I guess it made sense back in the day when there were only five countries in Schengen club.  It was common for those counties to grant tourists a three-month entry permit or visa, so when Schengen came into being, it was probably easiest to allow three months within the whole zone to make sure no visitors exceeded three months in any one country.  As more and more countries joined however, this has become increasingly restrictive and senseless (in my humble opinion) for long-term travelers.

I believe that there are moves afoot to create a 12-month ‘ tourist visa’ for Schengen which will certainly ease the problem but who knows when they will get around to that.

For the average traveler shoehorning in a European experience around their annual leave, this isn’t going to affect them.  However, for the lucky nomads like us, who have the opportunity to take an extended time out, this can really restrict where you can go, and when.

What about travelling to Non-Schengen Countries?

Each individual country has its own rules and visa requirements and you are best to research these for the countries you are travelling to.  Britain, for example allows a six months visa free stay for many visitors while most Balkan states (e.g. Croatia, Bosnia, and Albania) allow a three months visa free visit.  Turkey also allows a three months stay however most travellers will need to obtain a Turkish visa on-line (New Zealand passport holders are one of the few Turkish visa exempt countries).  Morocco hands out a three month visa easily and there is potential to extend this for another three months.

Planning around Schengen

Unless you or your ‘registered partner’ are European citizens, there are just a few options available to you.

Plan your travels

The most common approach, for those who don’t have an EU passport, is to plan your travels around the ‘90 days out of 180 days’ restriction.  This means that you must exit Schengen on or before the 90 days expires, and stay out for 90 days.  You can then re-enter Schengen for another 90 days.  In reality this may mean flying over to Britain for 3 months, or driving/ferrying across the Schengen border to countries such as Croatia, Bulgaria, Bosnia, Albania, Montenegro, Macedonia, Romania, Morocco or even Turkey, and enjoying their charms for a spell.  This isn’t necessarily a bad thing and pushes many travelers to experience countries they wouldn’t otherwise have given a second thought to.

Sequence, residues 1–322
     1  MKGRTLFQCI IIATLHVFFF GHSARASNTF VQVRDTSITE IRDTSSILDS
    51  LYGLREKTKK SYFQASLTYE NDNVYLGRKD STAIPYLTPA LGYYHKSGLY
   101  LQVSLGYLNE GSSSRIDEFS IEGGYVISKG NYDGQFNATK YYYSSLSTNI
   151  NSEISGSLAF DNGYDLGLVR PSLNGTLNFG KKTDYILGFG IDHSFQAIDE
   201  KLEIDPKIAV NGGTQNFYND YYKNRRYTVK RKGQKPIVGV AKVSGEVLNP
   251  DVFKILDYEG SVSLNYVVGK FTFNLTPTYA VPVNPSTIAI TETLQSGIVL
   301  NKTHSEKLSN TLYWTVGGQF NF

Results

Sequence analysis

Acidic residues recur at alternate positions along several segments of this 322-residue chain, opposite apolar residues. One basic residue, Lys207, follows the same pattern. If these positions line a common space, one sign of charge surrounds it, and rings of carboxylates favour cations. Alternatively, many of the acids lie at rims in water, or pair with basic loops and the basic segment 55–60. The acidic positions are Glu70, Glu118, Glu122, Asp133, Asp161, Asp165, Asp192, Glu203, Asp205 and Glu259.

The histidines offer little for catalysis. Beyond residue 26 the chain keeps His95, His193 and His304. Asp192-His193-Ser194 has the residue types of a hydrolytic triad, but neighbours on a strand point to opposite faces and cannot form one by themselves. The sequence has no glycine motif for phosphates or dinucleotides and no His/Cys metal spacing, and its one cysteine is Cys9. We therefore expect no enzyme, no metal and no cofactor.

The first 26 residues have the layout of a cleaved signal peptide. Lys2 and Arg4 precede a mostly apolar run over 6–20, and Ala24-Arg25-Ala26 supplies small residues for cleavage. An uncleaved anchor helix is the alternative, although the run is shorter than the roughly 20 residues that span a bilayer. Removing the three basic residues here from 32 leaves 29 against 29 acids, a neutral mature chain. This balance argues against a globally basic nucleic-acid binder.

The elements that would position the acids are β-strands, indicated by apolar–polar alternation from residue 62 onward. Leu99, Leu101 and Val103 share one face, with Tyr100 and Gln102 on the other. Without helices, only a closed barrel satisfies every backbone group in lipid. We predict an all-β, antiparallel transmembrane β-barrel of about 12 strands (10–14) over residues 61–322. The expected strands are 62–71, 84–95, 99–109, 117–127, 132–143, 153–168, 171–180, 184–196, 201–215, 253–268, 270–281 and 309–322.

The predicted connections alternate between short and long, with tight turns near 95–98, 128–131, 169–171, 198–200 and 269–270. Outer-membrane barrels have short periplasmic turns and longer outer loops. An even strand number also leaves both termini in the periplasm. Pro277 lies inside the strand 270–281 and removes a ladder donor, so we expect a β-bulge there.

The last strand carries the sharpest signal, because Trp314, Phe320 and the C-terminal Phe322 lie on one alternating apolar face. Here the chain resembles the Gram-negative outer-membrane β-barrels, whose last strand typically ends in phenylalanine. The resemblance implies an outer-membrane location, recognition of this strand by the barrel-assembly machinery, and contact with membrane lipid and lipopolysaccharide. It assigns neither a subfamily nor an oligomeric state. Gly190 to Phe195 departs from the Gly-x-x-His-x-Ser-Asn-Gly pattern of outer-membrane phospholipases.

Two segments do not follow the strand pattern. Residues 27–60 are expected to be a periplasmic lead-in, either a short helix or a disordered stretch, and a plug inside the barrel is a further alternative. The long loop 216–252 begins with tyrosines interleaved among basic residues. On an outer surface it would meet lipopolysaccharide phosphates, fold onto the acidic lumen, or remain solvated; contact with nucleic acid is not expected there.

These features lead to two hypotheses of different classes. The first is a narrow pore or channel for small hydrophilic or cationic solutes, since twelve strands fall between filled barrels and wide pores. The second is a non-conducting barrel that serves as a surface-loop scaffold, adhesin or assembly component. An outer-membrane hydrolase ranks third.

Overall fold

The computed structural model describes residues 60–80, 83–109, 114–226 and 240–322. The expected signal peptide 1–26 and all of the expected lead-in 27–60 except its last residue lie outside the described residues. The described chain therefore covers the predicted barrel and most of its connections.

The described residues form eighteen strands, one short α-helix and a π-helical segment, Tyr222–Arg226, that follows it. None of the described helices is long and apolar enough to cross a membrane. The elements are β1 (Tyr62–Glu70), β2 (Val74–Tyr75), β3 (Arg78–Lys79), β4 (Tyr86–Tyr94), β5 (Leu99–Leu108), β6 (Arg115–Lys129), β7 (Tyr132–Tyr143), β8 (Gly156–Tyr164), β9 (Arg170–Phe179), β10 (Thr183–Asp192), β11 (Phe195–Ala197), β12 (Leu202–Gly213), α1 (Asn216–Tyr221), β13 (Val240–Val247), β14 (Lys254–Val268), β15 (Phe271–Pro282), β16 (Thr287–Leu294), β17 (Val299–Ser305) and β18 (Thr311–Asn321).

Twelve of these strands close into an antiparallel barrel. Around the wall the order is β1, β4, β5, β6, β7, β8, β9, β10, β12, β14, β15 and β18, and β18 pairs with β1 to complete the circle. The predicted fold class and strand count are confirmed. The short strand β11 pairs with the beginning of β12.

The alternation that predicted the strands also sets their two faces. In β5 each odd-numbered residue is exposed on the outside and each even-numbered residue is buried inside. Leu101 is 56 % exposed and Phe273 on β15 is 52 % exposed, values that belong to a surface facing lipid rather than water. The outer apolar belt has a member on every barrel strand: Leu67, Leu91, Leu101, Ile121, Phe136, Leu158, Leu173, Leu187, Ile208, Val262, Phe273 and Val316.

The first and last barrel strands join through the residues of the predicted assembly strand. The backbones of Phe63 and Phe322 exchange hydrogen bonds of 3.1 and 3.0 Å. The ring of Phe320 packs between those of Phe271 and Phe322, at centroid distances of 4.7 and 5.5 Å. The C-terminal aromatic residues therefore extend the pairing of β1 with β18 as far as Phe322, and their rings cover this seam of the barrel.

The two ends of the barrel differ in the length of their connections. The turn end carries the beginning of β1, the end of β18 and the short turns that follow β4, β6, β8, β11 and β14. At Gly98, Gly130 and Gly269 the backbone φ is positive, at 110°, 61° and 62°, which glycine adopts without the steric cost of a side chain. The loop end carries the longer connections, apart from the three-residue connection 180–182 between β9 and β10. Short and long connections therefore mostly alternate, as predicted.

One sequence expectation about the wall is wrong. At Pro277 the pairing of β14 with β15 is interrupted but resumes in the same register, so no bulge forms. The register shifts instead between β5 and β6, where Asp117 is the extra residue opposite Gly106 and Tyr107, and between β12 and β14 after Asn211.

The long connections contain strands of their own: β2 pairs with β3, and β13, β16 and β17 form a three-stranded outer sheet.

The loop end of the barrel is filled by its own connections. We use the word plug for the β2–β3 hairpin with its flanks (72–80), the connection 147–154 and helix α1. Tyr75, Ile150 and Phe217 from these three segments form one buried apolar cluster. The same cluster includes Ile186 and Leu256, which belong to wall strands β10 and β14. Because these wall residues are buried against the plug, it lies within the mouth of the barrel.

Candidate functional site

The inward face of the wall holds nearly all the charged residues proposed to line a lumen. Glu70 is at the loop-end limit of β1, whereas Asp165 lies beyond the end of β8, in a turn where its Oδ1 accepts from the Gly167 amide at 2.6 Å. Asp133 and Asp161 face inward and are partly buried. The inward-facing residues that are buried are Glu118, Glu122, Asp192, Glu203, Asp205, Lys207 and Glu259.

You can go out of, and back into Schengen during that 180 days period but you need to keep careful track of where you have been and when so that you don’t exceed 90 days in any 180 days.

Keeping an eye on the seasons while doing your planning is important. We met a lovely Australian couple in Thessaloniki, Greece in December 2017, who were planning on driving up into Bulgaria and Romania for the first three months of winter because they needed to get out of Greece within the next few days.  Now, those countries may be nice during the summer but they aren’t the ideal spot for a small motorhome in a Northern Hemisphere winter.  We suggested they consider Turkey instead and they experienced a fantastic and much warmer time exploring the south of that wonderful country.  Morocco is also a great spot to be in during the winter months – it’s cheap, friendly, so beautiful and most importantly, it’s outside Schengen.

Your motorhome will require regular compliance checking (MOT) which normally means returning to the country in which it is registered every year or two.  So factor this into your planning as well. 

Residence Permits

Another alternative is to apply for a residence permit in one of the Schengen countries.  However, these are not handed out easily, normally require you to have a fixed address with a property lease agreement, and a valid reason for being there.  These only give the right to stay longer than 90 days in that one country and aren’t intended for the purpose of then hopping from country to country.  You could theoretically then travel within Schengen and eventually exit from the country from which you obtained a residence permit however this isn’t strictly legal and if caught you could be in serious trouble.  Visas are also available if you are studying in a country but evidence of being signed up to the course is required.  Working visas require you to have an offer of employment.  None of these visas or extensions are intended to allow non-European tourists to outstay the 90 day limit.

So, short of quickly marrying a local, or having an EU spouse, are there not many ways of being able to extend your time in Schengen period.

One option that can help Kiwi’s and Ozzies, is to take advantage of the historical Bilateral Agreements our countries entered into with many European countries.